Kakaako Makai: Nonprofit group can help fulfill vision of a cultural gathering place
THIS YEAR Governor Lingle restated her strong commitment to home rule, and the Legislature listened carefully to the voices of the people of Honolulu.
Throughout the legislative session thousands of faxes, e-mails and petitions clearly conveyed the public desire for preservation and protection of the Kakaako Makai shoreline as recreational open space for future generations. Landmark legislation was passed to preclude the sale of state land to private interests and to prohibit residential development from consuming public land for private use and speculation.
This significant legislation reflecting the will of the people now awaits enactment by the governor.
What is this place called Kakaako Makai?
Kakaako Makai tells us the history of Kewalo Basin, once a lumber dock for the building of Honolulu. Beginning in the late 1800s across a span of 70 years, this was home to a fleet of wooden fishing sampans. The Kula Kai is the last Hawaiian sampan surviving to reflect this era of intensive hard work of harvesting from the sea. The ice chute that once loaded sampans with ice to preserve their catch and its companion fishing-gear shed still stand as sentries alongside the basin cove. Both are deemed culturally significant by the state Historic Preservation Division.
Kakaako Makai's past industries have included a tuna-packing plant, a base yard for city maintenance vehicles, a historic wastewater pumping station and a depository for Honolulu's opala with two incinerators. There is now a precious opportunity to transform Kakaako Makai from cinders to a cornucopia of recreational, cultural and educational opportunities for Honolulu's diverse public interests:
» Kakaako Makai's cresting surf beckons residents daily from Manoa, Hawaii Kai and even Wahiawa. This expansive public shoreline also offers welcome space for a future bike path and a generous shoreline promenade. The health and welfare of Kakaako Mauka's anticipated 30,000 new residents, as well that of all our residents and visitors, will benefit substantially from Honolulu's last available shoreline open space becoming a significant recreation area and a vital continuance of the lei of parks from Diamond Head to downtown.
» Kakaako Makai's master plan also must consider our keiki with a spectrum of recreational and educational opportunities, ranging from the expanded shoreline park for family picnics to the Children's Discovery Center, now an island unto itself; and from a needed community center to interactive exhibits at an open and inviting long-sought surfing and watersports museum and hall of fame. Promoting the keiki fishing and marine conservation activities at the Kewalo Basin cove will safely introduce them to the world of the sea.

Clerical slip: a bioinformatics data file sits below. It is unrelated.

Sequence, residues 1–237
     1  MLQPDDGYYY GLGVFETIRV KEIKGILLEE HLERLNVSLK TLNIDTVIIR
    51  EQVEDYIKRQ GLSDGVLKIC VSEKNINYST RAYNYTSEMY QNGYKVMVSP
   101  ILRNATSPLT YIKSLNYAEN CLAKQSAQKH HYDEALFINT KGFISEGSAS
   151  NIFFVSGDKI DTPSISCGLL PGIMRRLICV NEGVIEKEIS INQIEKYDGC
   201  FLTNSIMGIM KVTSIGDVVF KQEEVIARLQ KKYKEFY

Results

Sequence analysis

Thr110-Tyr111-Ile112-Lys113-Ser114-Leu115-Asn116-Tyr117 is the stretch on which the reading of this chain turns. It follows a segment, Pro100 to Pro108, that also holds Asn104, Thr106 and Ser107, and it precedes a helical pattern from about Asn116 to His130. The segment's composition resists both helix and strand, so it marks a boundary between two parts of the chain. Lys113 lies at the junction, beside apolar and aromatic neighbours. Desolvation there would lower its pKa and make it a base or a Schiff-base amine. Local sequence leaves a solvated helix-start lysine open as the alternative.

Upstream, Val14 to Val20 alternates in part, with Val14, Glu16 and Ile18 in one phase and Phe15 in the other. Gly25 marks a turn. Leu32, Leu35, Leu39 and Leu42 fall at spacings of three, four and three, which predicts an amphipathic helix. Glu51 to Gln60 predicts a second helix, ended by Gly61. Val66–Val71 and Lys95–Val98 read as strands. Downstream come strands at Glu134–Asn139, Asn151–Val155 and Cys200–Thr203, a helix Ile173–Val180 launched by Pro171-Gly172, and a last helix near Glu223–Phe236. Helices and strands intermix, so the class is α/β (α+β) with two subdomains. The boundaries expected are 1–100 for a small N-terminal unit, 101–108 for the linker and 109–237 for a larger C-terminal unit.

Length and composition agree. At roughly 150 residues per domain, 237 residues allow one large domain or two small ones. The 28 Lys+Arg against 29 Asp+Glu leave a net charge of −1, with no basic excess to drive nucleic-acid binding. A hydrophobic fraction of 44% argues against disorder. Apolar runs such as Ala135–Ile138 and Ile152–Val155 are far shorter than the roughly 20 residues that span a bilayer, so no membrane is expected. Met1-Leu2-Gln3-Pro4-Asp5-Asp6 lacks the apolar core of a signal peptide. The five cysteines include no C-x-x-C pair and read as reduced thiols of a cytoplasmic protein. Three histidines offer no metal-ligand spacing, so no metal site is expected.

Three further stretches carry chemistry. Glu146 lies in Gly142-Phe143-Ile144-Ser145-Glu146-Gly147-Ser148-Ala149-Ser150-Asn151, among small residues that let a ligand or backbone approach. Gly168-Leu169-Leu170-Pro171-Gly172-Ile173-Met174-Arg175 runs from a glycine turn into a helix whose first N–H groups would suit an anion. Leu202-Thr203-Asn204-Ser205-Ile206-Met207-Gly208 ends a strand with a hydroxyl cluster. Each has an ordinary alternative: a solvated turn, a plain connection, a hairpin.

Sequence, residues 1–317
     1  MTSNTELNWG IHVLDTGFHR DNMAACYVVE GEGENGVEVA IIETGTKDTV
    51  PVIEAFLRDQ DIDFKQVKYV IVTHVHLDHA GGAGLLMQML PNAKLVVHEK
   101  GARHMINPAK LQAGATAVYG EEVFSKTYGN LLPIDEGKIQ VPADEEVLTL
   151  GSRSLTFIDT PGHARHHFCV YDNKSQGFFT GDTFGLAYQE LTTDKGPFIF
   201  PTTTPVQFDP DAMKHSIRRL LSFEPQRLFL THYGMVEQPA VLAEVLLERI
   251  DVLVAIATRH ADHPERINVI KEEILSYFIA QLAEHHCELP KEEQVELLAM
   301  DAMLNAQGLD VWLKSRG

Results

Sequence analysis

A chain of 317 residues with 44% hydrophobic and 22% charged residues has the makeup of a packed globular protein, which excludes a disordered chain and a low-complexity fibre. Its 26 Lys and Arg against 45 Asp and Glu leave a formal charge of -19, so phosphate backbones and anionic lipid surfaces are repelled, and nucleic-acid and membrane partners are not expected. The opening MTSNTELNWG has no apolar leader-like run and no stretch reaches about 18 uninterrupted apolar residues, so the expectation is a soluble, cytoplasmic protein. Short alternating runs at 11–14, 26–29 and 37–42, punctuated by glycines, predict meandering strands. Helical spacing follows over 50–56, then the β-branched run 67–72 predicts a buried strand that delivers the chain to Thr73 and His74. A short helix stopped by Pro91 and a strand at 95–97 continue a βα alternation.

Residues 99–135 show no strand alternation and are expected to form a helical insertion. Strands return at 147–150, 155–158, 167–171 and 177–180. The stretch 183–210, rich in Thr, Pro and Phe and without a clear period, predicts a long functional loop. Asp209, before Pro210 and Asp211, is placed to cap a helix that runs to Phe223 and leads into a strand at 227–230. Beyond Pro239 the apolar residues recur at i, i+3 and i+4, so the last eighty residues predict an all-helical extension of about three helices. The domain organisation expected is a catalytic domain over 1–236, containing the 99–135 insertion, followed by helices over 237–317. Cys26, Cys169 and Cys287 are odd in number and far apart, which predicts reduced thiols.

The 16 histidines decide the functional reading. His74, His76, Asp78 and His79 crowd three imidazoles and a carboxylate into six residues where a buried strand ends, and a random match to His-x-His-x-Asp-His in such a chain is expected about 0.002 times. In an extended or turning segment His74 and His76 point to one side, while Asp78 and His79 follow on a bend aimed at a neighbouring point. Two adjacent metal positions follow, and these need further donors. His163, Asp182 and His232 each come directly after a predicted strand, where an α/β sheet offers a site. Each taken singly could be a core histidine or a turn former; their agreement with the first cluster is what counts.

» Kakaako Makai can become an important cultural asset to the renaissance of Hawaiian cultural interests. With proper guidance on traditional practices from our kupuna, a traditional Hawaiian fishing village within the Diamond Head-mauka portion could include a canoe-building shed at Kewalo Basin, a fishpond and kalo loi along a stream that meanders toward a makahiki area and grove of native coastal trees, traditional Hawaiian craft and martial arts demonstrations, and the telling of Hawaiian history and legends.
» Kakaako Makai also can be the home of vibrant multiethnic festivals to honor and reflect our island's broad cultural diversity in the Gateway Park area, which also could feature a new bandstand for free Sunday concerts. A sustainable signature Performing Arts Center would be set back from the shoreline over the site of the seldom-used Waterfront Park amphitheater.
» Kakaako Makai's statute calls for a cultural public market. An open farmer's market with local produce and a fish market that continues the cultural history of this area will serve the community in a healthful way. These also would reflect the traditional Hawaiian trading practice between the mountains and the sea.
Kakaako Makai's expanded shoreline recreation area and public-interest facilities can be constructed, operated, maintained and sustained under the management of a nonprofit foundation established to ensure 20-year retirement of revenue bonds through nonprofit revenues generated by the carefully planned public facilities and their uses. The area's former industrial sites with toxic contamination now have the attention of the federal Environmental Protection Agency, which assesses Superfund sites and provides Brownfields remediation grants. Thus there should be no need to solicit special interests to buy and convert this state land to private use.
Kakaako Makai can be place that makes Hawaii special for all Honolulu's people, not merely a select few with an unobstructed view from private high-rises or operators of a redundant private commercial retail complex devouring public open space. Kakaako Makai has the developable area and the strong public support to provide significant recreational amenities, cultural opportunities and educational experiences for residents and visitors of all ages. Honolulu's future generations deserve no less.
About the author: Michelle S. Matson coordinated development of the Kakaako Shoreline Park Plan ("The People's Plan") for sustainable public use of the Kakaako shoreline. She is a member of the Diamond State Monument Head Citizens Advisory Committee, the Diamond Head-Kapahulu-St. Louis Heights Neighborhood Board and Waikiki Residents Association Board.